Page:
Sue’s seven useful things to know about writing for money

As I write novels, serials, short stories, articles, columns and writing ‘how to’, I’m sometimes asked for my tips. I’ve collected them together in this post:

1 You need to know about more than just writing.

2014-05-13 10.39.462 You need to know about publishing. Publishing is an industry and has to make money to survive. If you don’t learn something about how it works you’re making your life unnecessarily hard.

3 You may need/prefer to know about self-publishing. You get control and you get more of the cut each time your book is sold. And you get all of the work, or have to pay/persuade people to do some of it.

ios_homescreen_icon4 You need to know what ‘discoverable’ means. Promotion will almost certainly be part of your life. Website, blog, Twitter, Facebook, Google+, ELLO, LinkedIn, YouTube, Pinterest, Instagram … OK, you don’t need to know all of them but many publishers expect you to have a platform. Readers want to find you and tell you how cool you are. Journalists need to research you before interviews. If you’re self-publishing the need may be greater than if you’re traditionally published.

Group shot, Summer Party 125 Networking can be fun, if you enjoy parties, conferences, seminars, literary festivals, forums and classes. Or it can be a nightmare if you don’t enjoy parties, conferences etc. Either way, it’s almost always useful. You get your name in front of editors and agents and learn a lot from other writers. You hear about possible destinations for your work and a lot about what-not-to-do. Learning what-not-to-do is a lifelong process for me.

*You can network on social media, too.

Study6 You can’t be without self-motivation, if you want to be a writer, unless you’re already a staffer on a paper or magazine and motivation is provided for you in the form of ‘You’re fired!’ if you don’t write. In your study at home you can work in your dressing gown, you can drink tea all day, you can go on Facebook whenever you want. But a month’s work takes a month. If you want work done, you have to do it. Nobody will fill in for you when you’re sick or on holiday, either.

7 Rejection. (Cue scary music and a feeling like cold mud in your belly.) Almost every writer gets rejection. A lot of rejection. The trick is a) to learn from it b) not to let it stop you writing. Swear and throw something at the wall if you must (I must, personally) but then get back to writing.

Final tip: Become reasonably proficient with every piece of technology that will help you in points 1-7 or identify which skills you’ll pay for in others. Learn to type. Touch type. Yes, really! Your writing life will be so much easier.

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17 Comments

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17 responses to “Sue’s seven useful things to know about writing for money

  1. Thank you, Sue, these really the most helpful tips I’ve read in a long time. Also cheered me up to realise I’m doing as much of these as I can. I like to greet rejection with the same response as acceptance i.e. cake/chocolate/wine in any order and any quantity and swearing for both usually works too!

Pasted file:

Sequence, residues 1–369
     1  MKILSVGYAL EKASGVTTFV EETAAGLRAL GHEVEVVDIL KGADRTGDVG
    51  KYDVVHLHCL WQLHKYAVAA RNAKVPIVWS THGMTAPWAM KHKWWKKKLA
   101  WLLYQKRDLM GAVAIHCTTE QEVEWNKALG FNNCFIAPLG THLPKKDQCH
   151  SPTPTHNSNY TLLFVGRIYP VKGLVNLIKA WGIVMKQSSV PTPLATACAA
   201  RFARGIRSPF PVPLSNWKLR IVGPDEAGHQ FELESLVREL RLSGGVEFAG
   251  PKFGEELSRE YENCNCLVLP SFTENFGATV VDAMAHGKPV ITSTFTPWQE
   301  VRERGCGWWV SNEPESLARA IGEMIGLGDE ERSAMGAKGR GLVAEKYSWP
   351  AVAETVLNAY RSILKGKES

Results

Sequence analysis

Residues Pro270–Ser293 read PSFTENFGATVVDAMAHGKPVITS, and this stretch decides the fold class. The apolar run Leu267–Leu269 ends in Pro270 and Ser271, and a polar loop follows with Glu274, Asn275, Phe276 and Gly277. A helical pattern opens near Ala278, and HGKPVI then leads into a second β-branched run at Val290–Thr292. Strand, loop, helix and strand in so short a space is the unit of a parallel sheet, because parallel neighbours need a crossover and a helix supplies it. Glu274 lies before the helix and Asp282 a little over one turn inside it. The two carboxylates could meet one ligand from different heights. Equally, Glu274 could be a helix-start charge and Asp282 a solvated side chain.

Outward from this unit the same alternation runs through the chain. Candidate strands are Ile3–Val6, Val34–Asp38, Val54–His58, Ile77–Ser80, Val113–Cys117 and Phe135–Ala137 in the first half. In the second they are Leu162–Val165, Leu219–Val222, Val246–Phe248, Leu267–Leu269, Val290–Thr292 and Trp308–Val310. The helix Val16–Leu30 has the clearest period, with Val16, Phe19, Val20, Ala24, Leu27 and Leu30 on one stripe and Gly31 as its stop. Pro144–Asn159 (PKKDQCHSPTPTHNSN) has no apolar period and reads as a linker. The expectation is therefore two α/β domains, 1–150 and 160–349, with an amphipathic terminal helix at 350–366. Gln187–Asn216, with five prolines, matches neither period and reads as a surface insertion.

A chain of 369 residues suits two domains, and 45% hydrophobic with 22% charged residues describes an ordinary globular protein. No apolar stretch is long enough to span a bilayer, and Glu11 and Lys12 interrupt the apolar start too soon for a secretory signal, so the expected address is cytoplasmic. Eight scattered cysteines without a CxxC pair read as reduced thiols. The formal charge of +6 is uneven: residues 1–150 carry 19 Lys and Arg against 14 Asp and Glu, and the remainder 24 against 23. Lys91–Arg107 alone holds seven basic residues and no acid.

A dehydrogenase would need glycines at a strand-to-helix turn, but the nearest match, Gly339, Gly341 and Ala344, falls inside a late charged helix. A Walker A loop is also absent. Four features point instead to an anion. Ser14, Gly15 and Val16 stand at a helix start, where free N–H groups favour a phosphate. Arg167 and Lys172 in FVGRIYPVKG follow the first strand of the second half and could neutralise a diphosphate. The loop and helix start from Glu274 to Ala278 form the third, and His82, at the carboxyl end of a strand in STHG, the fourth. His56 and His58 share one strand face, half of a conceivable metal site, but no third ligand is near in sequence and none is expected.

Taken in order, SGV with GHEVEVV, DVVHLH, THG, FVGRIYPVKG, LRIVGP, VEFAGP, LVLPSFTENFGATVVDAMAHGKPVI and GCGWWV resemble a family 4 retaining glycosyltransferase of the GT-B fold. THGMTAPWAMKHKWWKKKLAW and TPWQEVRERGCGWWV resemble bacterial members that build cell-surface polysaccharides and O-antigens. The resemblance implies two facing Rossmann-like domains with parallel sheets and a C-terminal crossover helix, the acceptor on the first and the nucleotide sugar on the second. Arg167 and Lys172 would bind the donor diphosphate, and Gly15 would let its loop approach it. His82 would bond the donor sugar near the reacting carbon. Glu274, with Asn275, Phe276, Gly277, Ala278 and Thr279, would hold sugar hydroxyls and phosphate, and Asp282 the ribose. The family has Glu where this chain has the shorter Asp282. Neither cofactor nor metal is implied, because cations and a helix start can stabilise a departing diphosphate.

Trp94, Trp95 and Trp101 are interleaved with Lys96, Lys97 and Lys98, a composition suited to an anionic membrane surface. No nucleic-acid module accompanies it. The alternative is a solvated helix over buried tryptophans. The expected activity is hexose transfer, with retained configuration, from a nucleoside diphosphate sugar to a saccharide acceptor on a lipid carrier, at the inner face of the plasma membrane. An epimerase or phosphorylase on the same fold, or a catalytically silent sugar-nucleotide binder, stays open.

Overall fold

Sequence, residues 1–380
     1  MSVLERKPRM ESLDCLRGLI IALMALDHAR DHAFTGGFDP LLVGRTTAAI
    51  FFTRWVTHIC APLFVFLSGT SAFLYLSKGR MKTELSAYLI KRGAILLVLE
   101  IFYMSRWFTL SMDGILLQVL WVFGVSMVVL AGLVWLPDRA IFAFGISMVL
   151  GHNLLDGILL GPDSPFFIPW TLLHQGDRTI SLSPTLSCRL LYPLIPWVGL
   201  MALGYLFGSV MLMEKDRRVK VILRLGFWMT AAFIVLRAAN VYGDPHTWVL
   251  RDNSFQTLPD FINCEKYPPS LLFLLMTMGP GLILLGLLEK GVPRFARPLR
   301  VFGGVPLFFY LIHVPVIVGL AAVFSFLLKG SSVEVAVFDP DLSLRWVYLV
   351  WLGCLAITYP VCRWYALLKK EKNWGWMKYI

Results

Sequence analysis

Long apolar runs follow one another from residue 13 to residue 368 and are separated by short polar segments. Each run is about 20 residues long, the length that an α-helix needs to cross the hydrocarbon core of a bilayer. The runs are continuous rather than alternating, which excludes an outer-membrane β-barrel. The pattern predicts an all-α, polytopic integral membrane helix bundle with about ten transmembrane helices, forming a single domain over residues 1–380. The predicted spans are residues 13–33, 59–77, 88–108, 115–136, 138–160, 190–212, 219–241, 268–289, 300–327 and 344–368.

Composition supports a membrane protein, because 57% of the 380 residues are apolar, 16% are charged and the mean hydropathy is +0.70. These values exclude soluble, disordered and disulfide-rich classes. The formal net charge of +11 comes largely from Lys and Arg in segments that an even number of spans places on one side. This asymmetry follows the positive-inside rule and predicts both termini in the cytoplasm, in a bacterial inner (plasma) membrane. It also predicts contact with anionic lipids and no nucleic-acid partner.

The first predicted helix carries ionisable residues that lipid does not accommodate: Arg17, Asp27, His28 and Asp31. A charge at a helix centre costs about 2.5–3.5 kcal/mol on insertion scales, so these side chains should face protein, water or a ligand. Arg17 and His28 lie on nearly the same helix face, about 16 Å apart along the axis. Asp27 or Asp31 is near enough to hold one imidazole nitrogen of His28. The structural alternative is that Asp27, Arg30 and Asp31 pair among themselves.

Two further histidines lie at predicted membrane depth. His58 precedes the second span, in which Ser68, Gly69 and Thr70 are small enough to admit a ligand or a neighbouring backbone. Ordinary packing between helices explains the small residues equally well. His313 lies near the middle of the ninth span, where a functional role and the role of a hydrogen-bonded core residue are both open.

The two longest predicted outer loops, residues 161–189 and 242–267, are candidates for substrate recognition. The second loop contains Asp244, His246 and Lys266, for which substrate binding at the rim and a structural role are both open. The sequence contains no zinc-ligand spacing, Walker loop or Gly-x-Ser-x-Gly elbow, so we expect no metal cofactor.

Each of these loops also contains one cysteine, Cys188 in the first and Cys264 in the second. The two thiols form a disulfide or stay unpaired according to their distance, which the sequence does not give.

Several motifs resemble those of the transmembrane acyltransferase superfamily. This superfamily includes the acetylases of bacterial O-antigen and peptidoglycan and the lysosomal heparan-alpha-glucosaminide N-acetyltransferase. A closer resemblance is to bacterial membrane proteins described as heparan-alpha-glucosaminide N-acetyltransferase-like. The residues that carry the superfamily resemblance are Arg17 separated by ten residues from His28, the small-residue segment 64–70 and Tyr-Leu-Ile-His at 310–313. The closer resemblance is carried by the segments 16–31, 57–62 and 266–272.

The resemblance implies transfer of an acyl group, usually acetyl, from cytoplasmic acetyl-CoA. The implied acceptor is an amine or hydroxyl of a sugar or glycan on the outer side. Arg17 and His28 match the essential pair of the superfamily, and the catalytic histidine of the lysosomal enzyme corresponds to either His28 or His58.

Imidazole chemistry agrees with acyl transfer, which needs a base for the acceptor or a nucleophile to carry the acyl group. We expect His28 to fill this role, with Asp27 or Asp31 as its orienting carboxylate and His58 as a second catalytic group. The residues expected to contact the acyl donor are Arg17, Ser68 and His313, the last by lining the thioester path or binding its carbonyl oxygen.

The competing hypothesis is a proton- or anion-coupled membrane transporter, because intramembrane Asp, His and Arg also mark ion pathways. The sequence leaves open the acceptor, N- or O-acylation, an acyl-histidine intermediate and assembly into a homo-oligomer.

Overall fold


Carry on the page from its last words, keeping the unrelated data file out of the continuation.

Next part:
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  2. Thanks for the sensible down-to-earth home truths! Especially the bit about self-motivation.

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  3. Reblogged this on Writing, Work and Wine and commented:
    Great post by Sue Moorcroft on writing … Enjoy! Nikki x

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  4. Good tips, Sue – thanks!

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  5. Reblogged this on Medway Mermaids and commented:
    Some great advice from novelist Sue Moorcroft…

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  6. Read your blog on Medway Mermaids. Hope our members find it useful.
    Susan Pope

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  7. Oh, fab tips, succinctly outlined, Sue. And I so agree with the learning from rejection and moving on. Just channel the emotion. It works for me. Thanks for sharing. x

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  8. Great post, Sue. I learned to touch type at college when I was 16. I used to dread those lessons. jjjjjjjj kkkkkkkk lllllll mmmmmmm fffffff dddddd and so on and so on. Yawn, yawn. BUT it was the BEST skill I ever learned in life. It’s great to just look at the screen now and watch the words appear on the page, without having to look at my fingers. And I can pretty much type at the speed I’m thinking: added bonus!! Mind you, I did play the piano which must have helped. Have a lovely Christmas holiday and I wish you continued success throughout the new year.

    Liked by 1 person

    • That’s funny because I’ve come to learning the piano in the last few years and think being able to type hinders me! Maybe it’s because I have been typing for too many years rather than learning the two skills alongside one another. But typing’s a great skill. A life skill, like learning to drive.

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  9. Pingback: Late New Year Links | Becky Black

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